Locking up business manipulation
Mark Steward, Executive Director of Compliance and Industry Oversight of the FCA, gave a speech on the continuing attempts of the FCA to fight market manipulation during the COVID-19 pandemic.
Mr Steward's remarks are not dissimilar to those made by Julia Hogget in her speech last October (see our update). It is apparent that the improvements caused by the pandemic (such as working from home) continue to have a huge effect on consumer manipulation and the steps needed to deter it. In addition to a series of broad remarks on the reform proposals of the FCA (such as a more relaxed approach to immediate capital raising), Mr Steward made a number of key observations.
Rises in trade not balanced by increases in STORs
The FCA recorded a 34% rise in transactions and activity reports in 2020 without a comparable increase in irregular transactions and order reports (STORs). In reality, during the first lock-down cycle (March to June 2020) the FCA saw a decline in STORs. After the first lockdown, STORs have now returned to their expected rate for all asset groups, however the overall volumes for the year are smaller than in previous years.
Although it can be concluded that incidents of market manipulation or other fraud may have been overlooked, the FCA is not troubled – it credits this, at least in part, to its monitoring and investigation activity during the past few years, which has limited the selling of parties whose trading has led to a high number of STORs.
Business data analysis capability – regulatory sunlight
STORs remain a crucial alternate source of knowledge, but the FCA is not fully reliant on them. Instead, the business data analysis facilities of the FCA "continue to be a source of regulatory sunlight," delivering an algorithmic radar through trading in near-real time.
The FCA has expanded its aggressive market surveillance throughout the year by implementing new measures such as the Electronic Submission System (ESS) for short selling reporting. It was in operation until the first lockdown. The ESS is:
speeds up the validation process;
Introduces automatic warnings that readily detect delayed notifications;
Provides greater perspective and evidence on short selling stance than ever
Retail buyers need not be sold in the short term
Mr Steward observed that the FCA's continued approach to short selling reporting requirements rendered it impossible that short positions such as those established in the recent GameStop trading frenzies will be generated on the UK market without "substantial scrutiny." Although expressly refraining from speaking on GameStop, Mr Steward noted the propensity for abusive shortening to contribute to market distortion and noted the enhanced potential for institutional investors to be affected by such violence. It also indicated the vulnerability of retail buyers to fraudulent internet ads or online scams.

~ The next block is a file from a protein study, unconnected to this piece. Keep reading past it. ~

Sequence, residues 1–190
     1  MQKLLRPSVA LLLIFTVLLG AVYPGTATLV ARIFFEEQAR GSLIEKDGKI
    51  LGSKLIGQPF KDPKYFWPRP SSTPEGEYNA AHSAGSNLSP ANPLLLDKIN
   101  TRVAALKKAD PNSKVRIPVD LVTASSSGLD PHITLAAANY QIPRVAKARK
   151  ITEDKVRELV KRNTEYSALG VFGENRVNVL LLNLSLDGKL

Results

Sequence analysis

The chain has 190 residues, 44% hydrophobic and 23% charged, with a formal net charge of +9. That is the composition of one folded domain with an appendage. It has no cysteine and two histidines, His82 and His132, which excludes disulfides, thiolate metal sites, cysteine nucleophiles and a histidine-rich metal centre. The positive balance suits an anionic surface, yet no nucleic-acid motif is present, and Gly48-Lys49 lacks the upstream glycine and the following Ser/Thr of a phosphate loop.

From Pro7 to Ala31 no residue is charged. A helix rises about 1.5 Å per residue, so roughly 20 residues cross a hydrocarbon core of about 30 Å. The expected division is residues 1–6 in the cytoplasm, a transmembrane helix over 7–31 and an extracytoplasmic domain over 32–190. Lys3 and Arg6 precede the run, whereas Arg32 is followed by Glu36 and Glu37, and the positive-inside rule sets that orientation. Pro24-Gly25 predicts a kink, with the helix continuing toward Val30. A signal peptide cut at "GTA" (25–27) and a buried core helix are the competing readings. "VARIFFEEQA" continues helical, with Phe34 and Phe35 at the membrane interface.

Market cleanliness-Anomalous trade is being tracked
The FCA launched a new market cleanliness metric, the potential anomaly trading ratio (PATR) in September of last year. PATR allows the FCA to track underlying market activity surrounding price-sensitive statements that may be called anomaly rather than suspect (unlike, for example, the Abnormal Trading Volume, which focuses on volume fluctuations). The FCA finds that the word "anomaly" is more neutral than the term "suspicious."
Mr Steward continued by stating that the FCA would continue to pursue steps to counter industry manipulation and outlined a variety of recent regulatory actions. It is evident from the recent speeches by Mrs Hoggett and Mr Steward that "business cleanliness" is a core priority of the FCA, with the introduction of digital technologies enabling data to be analyzed at an increasingly granular level. The inclusion of the PATR is another tool in the FCA's data collection arsenal, and we don't consider it to be the last. As markets begin to adjust to a much-changing environment, the FCA seems ready to seek to close all potential opportunities for market manipulation.